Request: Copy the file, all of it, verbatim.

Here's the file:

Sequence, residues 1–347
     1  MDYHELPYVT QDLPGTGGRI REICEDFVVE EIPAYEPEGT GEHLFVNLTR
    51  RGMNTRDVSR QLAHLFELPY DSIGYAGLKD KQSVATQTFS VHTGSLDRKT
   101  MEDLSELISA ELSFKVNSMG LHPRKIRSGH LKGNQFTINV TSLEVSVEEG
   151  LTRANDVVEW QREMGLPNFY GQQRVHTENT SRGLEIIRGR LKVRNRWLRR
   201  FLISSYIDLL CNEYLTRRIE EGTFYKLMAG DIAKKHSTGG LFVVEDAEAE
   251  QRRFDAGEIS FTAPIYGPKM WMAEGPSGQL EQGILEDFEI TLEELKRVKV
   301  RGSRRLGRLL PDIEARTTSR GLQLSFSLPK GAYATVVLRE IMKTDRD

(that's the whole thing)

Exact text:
Sequence, residues 1–347
     1  MDYHELPYVT QDLPGTGGRI REICEDFVVE EIPAYEPEGT GEHLFVNLTR
    51  RGMNTRDVSR QLAHLFELPY DSIGYAGLKD KQSVATQTFS VHTGSLDRKT
   101  MEDLSELISA ELSFKVNSMG LHPRKIRSGH LKGNQFTINV TSLEVSVEEG
   151  LTRANDVVEW QREMGLPNFY GQQRVHTENT SRGLEIIRGR LKVRNRWLRR
   201  FLISSYIDLL CNEYLTRRIE EGTFYKLMAG DIAKKHSTGG LFVVEDAEAE
   251  QRRFDAGEIS FTAPIYGPKM WMAEGPSGQL EQGILEDFEI TLEELKRVKV
   301  RGSRRLGRLL PDIEARTTSR GLQLSFSLPK GAYATVVLRE IMKTDRD